Examining how to improve my sports performance

Beer league ice hockey goaltender

Photo credit: Denise Calhoun

If I’m not watching sports, then quite often you’ll find me playing sports. That’s right, I try to be pretty active in sporting activities, and for years now I have played hockey regularly — that’s me playing goalie in the picture above!

Despite the pandemic, and the fact that I haven’t been able to play in my regular beer league since March thanks to hockey rinks throughout my area shutting down, I’ve tried to stay busy and active.

After about a five-year hiatus, I began running again over the summer and have spent the fall taking part in virtual 5ks to keep me busy. I can’t ever say I love running, but I’m motivated enough now to extend myself to the point where I’m running 10ks or even longer by next summer. I’ve already registered for next year’s Bay to Breakers, a famous 12k run through the streets of San Francisco.

If you’re someone who loves to play sports, like me and you’re starting to take your sporting activities more seriously, it makes sense to think about how you can begin to take your performance to the next level.

It’s something that we’re all capable of making happen but it takes effort and work in the right areas. I’ve been thinking about it quite a bit recently, so based off my own activity, here are some of the things you can do to achieve that.

I’ll preface this by saying I’m no gym rat, nor am I a fitness guru. The point of this is hopefully to encourage you to get in shape, or stay in shape, during this time without organized sports, because I’ve had to motivate myself to do the same.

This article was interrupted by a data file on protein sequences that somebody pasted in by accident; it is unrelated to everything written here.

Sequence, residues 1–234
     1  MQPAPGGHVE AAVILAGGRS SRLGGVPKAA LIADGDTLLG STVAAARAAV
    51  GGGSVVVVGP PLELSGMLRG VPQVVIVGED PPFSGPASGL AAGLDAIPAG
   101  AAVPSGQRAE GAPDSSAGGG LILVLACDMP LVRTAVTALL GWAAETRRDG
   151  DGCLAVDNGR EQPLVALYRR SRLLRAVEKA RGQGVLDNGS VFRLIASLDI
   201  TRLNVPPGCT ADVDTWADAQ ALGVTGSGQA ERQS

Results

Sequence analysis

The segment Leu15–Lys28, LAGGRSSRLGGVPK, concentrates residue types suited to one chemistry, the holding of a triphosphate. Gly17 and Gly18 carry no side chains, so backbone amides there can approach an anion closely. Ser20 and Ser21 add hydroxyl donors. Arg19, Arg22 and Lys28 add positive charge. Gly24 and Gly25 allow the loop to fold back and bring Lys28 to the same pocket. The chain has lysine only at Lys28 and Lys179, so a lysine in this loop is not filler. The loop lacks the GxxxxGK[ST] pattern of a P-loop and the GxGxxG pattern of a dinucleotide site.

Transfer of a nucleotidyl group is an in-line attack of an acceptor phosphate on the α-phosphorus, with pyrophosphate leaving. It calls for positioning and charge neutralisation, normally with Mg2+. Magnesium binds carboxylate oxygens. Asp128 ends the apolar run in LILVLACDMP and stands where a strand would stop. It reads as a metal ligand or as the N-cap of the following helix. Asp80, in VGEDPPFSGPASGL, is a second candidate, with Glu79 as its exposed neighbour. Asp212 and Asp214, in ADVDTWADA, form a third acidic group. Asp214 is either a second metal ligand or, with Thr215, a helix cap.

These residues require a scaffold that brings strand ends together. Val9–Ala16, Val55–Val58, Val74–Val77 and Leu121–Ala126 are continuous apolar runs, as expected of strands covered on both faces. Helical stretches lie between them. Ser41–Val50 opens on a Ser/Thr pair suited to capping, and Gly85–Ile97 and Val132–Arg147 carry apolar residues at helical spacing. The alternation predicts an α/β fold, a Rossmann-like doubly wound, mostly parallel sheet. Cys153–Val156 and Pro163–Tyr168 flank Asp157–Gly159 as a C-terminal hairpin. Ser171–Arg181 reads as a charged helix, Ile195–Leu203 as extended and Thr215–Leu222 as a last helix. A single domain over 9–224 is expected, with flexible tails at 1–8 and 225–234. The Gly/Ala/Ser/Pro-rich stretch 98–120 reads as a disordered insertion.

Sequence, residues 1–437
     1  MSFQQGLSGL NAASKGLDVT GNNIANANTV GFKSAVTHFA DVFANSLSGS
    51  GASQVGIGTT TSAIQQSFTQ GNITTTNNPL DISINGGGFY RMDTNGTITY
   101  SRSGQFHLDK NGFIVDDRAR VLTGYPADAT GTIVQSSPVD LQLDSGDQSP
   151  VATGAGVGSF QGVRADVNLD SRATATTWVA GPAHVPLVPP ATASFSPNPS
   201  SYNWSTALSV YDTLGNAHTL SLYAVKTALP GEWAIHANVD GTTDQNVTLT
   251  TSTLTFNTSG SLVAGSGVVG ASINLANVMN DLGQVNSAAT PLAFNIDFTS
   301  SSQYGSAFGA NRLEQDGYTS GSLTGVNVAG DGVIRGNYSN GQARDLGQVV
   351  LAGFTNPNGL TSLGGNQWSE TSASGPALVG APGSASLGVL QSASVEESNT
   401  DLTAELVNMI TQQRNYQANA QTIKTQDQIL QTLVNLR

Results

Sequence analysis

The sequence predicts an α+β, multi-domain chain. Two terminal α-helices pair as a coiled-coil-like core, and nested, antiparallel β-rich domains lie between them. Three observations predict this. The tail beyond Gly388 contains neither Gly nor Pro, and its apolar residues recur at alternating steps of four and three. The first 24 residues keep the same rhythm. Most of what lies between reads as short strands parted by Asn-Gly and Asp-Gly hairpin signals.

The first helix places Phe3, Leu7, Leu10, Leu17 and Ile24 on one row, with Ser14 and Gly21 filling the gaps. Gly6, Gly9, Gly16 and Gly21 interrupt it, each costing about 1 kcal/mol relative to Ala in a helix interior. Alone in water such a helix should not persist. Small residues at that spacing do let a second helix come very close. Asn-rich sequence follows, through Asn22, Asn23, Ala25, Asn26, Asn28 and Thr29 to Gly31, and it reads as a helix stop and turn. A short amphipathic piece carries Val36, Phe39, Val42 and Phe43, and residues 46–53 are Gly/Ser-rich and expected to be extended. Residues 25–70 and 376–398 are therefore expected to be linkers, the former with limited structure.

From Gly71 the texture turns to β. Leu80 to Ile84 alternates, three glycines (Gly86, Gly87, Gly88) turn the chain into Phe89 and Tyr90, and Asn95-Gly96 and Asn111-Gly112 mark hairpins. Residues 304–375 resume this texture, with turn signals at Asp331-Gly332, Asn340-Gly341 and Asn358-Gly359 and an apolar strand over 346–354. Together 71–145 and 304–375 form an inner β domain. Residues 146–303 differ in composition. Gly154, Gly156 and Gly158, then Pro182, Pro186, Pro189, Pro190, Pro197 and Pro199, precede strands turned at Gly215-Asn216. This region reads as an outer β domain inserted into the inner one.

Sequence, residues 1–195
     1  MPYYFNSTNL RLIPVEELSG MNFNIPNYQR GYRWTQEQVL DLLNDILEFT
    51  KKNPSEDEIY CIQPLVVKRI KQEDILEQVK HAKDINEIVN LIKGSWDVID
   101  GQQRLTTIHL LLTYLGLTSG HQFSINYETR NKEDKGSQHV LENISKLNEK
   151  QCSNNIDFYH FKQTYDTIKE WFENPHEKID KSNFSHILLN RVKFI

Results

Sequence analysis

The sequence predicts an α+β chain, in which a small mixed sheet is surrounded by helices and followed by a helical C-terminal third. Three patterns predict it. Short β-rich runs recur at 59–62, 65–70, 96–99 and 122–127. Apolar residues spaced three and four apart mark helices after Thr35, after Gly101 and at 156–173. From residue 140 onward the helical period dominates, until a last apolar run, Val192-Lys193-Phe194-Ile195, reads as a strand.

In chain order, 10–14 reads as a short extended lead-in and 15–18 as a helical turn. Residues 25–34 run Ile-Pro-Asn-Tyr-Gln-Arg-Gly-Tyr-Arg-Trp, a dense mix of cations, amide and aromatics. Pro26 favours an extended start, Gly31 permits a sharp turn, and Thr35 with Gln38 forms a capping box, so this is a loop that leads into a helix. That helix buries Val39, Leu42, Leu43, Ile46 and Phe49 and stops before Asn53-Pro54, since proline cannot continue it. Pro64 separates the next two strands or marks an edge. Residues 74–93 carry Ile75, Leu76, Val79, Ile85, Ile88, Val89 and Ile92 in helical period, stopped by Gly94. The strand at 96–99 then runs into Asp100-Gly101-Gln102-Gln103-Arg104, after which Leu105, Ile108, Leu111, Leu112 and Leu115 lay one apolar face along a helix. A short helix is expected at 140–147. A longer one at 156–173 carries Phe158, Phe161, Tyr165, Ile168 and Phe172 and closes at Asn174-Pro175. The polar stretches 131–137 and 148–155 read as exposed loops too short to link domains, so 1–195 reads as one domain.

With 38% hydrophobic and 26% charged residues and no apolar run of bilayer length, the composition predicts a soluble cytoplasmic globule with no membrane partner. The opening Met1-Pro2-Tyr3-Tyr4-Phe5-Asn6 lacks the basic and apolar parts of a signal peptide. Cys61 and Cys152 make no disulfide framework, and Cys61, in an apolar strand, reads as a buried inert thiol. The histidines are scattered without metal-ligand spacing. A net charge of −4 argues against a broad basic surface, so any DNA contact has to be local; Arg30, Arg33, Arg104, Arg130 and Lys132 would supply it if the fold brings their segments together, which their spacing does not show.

Besides, it’s a pretty nice way to pass the time until we can get into the stadiums again.

Improve how you fuel your body

First of all, you should think about the way in which you fuel your body before and after workouts.

It’s often a good idea to have plenty of carbs in the lead up to an extensive workout. But if your focus is more on trying to build muscle, then your focus should be on lean protein. It’s important to tailor your diet and approach to fueling your body based on what you want to achieve.

I admit that I am sometimes not good at this. After all, I do play in something that is affectionately called beer league, and that term is taken seriously by many of my teammates. 

But I’m always reminded about the importance of diet when I am disciplined enough to carb-load before a run, or to cut down on processed foods for a week. What you eat makes a big difference, and even small changes in your diet — not the finely tuned diets that pro athletes follow, just more careful monitoring of what you eat and drink — can make a difference between huffing and puffing toward the finish and breaking that personal record.

Work on the mental and psychological sides of sports

One thing that can sometimes be overlooked is the way in which sports are influenced by psychology and the mental side of things. It’s key that you think about how this happens and what you can do to start sharpening your mental approach to playing the game.

How much does this matter when you’re doing something recreationally? Well, it depends.

I play hockey for fun and to have a good time. That’s my No. 1 priority — after all, I’m paying someone to be there, not the other way around. That said, if I let in a big goal that costs my team a game, you’d better believe I think about it a lot and it bothers me!